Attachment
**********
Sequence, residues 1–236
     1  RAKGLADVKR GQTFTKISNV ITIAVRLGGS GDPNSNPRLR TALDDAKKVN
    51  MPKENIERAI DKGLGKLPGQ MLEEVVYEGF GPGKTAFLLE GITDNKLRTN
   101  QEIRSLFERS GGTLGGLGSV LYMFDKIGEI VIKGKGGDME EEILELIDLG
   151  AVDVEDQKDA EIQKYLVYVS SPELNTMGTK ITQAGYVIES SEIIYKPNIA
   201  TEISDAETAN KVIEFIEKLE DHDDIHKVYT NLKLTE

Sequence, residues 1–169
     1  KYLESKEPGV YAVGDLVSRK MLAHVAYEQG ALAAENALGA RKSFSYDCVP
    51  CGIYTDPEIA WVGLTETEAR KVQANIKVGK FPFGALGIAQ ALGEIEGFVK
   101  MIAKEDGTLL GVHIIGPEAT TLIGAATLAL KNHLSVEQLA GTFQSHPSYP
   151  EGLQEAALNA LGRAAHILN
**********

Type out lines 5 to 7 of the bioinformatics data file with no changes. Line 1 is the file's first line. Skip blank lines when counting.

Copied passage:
   151  AVDVEDQKDA EIQKYLVYVS SPELNTMGTK ITQAGYVIES SEIIYKPNIA
   201  TEISDAETAN KVIEFIEKLE DHDDIHKVYT NLKLTE

Sequence, residues 1–169